Just How Dangerous Are Oil Rigs, Anyway?

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U.S. Coast Guard / Getty

Fire boats battle a fire at the off shore oil rig Deepwater Horizon April 21, 2010 in the Gulf of Mexico off the coast of Louisiana.

By any measure, drilling for oil and gas offshore is one of America's most dangerous professions. The risks are unavoidable: workers are on shift for an average of 12-hours a day dealing with highly combustible materials on a platform where cranes swing heavy equipment constantly overhead. All of this isolated hundreds of miles off coast. With seven to 14-days on the rig at a time, it can be a lonely experience. If something goes wrong, the Coast Guard responds, though even in the best-case scenario, help is not close. In the meantime, the crew uses watertight life pods that can hold up to ten people and that lower down into the water in the event of an emergency. There they wait for help to arrive. Such conditions can lead to rare but catastrophic incidents like the explosion that occurred April 20 in the Gulf of Mexico, some 50 miles off the coast of Louisiana, aboard Transocean's Deepwater Horizon oil rig. One-hundred fifteen people made it to safety. Eleven workers who are unaccounted for are presumed dead.

The mandatory hard hats and steel-toed boots, aren't just for looks. In 2008, 120 people were killed in the oil and gas industry, according to the Bureau of Labor Statistics. Of those, 21 people died in the oil and gas extraction industry, which includes offshore oil rigs. Incidents aboard oil rigs are kind of like plane crashes: they occur rarely but when they do happen they have the potential to kill quickly, cost companies millions of dollars and raise calls for increased safety and preparation measures. "These events are low probability with a high consequence," said Greg McCormack, director of the Petroleum Extension Service at the University of Texas, which works with the oil and gas industry to safety train workers. "It is a hazardous business and that is what the industry has to deal with on a daily basis."

Though catastrophic incidents are rare, smaller incidents occur much more frequently. The Minerals Management Service, which oversees offshore drilling, reported 39 fires or explosions in the first five months of 2009. The good news is most of those incidents were minor and did not result in death; the bad news is that they even occurred at all. For the companies, managing the high risk is of the utmost importance when it comes to both safety and perception. "This is ultra-high stakes gambling," said Robert Bryce, a senior fellow with the Center for Energy Policy and the Environment with the Manhattan Institute. "Accidents like this are not only bad PR for the companies that are involved, they're extremely bad business." Energy company BP, which leased the Deepwater Horizon from Transocean for an estimated $450,000 a day, has been involved in a few large incidents in recent years. An explosion at a refinery in Texas City, Texas in 2005 killed 15 workers and injured many more. "BP is already snake bit when it comes to safety issues," Bryce said. "This is another bad blow."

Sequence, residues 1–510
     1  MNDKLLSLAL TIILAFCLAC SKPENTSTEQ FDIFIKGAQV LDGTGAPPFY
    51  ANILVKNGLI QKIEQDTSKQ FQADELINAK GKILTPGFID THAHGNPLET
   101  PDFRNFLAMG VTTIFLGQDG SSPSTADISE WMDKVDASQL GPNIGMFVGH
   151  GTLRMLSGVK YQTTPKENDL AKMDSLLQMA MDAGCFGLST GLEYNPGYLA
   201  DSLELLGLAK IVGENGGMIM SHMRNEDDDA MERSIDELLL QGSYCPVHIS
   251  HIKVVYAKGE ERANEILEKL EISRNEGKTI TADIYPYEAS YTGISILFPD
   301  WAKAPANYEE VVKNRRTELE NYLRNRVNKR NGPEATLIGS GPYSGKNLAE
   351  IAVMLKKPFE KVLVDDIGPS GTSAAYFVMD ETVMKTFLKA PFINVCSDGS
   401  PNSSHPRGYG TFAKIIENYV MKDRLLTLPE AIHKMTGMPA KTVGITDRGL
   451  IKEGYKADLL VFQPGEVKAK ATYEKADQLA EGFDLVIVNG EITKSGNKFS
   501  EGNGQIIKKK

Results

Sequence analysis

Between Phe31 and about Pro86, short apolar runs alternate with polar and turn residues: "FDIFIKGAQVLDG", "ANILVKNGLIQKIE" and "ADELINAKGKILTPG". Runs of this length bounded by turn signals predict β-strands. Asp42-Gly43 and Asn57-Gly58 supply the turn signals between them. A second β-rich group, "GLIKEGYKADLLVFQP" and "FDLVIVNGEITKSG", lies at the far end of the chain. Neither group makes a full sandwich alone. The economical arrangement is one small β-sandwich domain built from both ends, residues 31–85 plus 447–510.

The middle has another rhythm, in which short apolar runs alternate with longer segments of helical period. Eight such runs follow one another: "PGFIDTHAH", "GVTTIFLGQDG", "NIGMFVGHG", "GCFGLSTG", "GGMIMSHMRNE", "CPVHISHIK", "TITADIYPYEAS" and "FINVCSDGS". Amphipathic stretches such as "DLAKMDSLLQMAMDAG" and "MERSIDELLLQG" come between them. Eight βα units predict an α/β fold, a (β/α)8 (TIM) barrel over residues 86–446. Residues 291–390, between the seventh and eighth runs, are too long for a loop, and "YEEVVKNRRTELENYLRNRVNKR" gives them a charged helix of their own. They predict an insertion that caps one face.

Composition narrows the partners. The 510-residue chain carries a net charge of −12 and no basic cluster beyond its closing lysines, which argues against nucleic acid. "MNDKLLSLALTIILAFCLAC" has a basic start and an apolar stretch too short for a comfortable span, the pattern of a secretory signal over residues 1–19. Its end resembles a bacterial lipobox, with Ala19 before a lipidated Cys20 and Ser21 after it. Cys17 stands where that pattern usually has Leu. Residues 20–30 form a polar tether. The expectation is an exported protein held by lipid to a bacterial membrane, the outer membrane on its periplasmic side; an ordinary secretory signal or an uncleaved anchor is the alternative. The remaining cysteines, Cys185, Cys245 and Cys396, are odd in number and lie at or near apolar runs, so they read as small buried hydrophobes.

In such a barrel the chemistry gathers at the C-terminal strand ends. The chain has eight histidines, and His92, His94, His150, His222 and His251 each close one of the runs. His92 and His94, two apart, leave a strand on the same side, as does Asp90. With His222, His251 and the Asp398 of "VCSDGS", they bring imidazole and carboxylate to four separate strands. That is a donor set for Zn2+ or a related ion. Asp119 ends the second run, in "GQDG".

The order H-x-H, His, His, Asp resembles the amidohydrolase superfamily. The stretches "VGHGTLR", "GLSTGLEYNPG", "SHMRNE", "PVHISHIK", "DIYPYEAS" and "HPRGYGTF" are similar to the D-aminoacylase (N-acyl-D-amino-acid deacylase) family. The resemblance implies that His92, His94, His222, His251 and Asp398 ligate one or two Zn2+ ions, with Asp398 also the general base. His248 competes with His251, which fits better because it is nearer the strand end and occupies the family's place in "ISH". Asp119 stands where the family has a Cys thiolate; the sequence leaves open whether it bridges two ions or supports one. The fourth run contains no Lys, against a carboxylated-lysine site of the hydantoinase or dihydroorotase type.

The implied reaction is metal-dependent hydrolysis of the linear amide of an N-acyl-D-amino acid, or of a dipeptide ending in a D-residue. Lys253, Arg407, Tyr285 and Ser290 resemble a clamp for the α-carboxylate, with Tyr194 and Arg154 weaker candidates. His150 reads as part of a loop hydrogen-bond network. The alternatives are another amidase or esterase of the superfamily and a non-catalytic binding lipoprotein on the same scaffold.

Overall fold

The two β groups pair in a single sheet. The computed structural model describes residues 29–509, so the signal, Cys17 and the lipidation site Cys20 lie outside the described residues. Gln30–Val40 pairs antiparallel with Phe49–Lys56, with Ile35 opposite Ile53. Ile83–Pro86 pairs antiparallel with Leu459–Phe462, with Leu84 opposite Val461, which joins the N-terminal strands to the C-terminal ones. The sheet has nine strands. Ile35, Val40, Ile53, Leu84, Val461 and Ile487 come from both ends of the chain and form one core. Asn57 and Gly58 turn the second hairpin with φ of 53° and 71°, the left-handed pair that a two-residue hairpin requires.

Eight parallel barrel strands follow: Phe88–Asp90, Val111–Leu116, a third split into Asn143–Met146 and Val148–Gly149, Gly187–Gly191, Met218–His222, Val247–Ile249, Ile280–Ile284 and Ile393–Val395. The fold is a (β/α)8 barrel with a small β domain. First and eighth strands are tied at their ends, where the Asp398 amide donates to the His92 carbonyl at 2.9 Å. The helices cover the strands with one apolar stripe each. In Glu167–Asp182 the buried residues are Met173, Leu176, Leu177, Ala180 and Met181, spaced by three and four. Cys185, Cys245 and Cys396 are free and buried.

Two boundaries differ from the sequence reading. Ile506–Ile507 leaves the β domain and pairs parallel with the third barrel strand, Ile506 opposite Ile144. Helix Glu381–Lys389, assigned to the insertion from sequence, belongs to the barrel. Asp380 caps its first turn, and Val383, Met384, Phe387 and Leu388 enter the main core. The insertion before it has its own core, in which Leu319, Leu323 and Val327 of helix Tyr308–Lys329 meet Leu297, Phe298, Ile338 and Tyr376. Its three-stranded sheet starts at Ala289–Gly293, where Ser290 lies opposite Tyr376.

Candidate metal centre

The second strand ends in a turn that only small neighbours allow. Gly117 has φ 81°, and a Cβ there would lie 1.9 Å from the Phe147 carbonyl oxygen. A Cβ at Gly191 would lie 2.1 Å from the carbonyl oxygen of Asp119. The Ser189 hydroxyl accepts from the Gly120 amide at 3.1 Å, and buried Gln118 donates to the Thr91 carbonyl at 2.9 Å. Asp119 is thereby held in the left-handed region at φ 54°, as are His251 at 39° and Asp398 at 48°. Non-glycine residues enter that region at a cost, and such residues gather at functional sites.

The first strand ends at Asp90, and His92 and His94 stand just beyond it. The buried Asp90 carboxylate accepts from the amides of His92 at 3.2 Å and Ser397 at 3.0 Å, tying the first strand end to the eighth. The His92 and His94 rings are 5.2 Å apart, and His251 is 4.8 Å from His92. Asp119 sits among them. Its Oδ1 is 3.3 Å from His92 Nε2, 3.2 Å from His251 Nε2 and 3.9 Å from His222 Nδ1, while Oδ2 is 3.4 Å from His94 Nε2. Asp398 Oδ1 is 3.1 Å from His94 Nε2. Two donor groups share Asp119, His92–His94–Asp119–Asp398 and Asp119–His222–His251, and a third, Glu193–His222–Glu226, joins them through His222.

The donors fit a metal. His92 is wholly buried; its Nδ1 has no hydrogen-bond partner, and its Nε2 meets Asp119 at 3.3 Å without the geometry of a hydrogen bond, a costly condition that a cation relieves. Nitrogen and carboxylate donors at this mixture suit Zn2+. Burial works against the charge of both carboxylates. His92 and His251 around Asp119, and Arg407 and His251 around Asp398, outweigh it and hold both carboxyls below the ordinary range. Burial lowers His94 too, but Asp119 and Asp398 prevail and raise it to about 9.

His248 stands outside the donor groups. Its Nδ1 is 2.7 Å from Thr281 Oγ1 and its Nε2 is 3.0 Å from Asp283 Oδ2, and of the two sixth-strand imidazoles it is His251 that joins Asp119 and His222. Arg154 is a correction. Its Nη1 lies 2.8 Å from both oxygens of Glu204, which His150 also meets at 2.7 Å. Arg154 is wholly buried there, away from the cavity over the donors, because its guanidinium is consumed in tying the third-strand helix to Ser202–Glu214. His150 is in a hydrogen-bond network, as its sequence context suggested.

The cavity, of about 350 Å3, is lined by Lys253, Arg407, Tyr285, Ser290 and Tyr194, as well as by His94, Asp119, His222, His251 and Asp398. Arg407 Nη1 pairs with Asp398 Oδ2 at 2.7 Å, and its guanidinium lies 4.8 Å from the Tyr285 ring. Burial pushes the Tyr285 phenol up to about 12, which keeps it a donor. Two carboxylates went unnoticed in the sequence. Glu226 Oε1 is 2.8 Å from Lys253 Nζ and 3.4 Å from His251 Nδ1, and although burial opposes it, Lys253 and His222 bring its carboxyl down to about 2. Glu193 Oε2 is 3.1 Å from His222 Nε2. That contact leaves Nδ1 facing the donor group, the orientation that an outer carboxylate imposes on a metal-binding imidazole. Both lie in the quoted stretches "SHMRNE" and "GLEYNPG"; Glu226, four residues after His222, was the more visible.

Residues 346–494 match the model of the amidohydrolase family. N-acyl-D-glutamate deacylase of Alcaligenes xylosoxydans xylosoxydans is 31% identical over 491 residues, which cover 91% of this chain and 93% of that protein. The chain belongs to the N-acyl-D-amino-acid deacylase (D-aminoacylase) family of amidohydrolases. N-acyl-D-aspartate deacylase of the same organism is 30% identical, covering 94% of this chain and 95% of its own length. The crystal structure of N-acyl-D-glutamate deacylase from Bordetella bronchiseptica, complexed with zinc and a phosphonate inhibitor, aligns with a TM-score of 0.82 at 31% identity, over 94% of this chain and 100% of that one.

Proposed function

Safety in the oil and gas industry is a concern both on and off shore. The Occupational Safety and Health Administration (OSHA), which oversees working conditions in refineries on land, has issued multi-million dollar fines to BP, including a record fine of more $80 million following the Texas City incident. "There have been a number of incidents where no one has been killed or hurt, but where people could have been hurt quite seriously," said David Michaels, assistant secretary for OSHA. "We're very concerned that the oil industry is not making the investment needed to run these refineries safely and workers are paying for it with their lives." But Erik Milito, director of Upstream and Industry Operations for the American Petroleum Institute, an oil industry trade group, said the companies obviously take safety to heart. "It's the number one priority," he said. "Companies go through a lot to manage the risk. The end goal is zero accidents, zero fatalities, zero injuries."

Such an incident cannot help but call into question the Obama Administration's plans to expand offshore drilling in the U.S. On March 31, the president announced his plans to open areas along the Atlantic coastline, the eastern Gulf of Mexico and the north coast of Alaska. According to a Pew Research Center survey released March 2, 63% of Americans are in favor of allowing more offshore drilling for oil and gas in U.S. waters. While a majority of the public supports the plan, a giant explosion in the middle of the ocean is sure to bring out the naysayers. "The timing of this in terms of the Obama Administration's decision is terrible," Bryce said. "It clearly gives ammunition to the critics of the oil industry in general, and offshore drilling in particular. They now have more ammunition that they can use to say, 'Well, see, this is dangerous. This is dirty.'"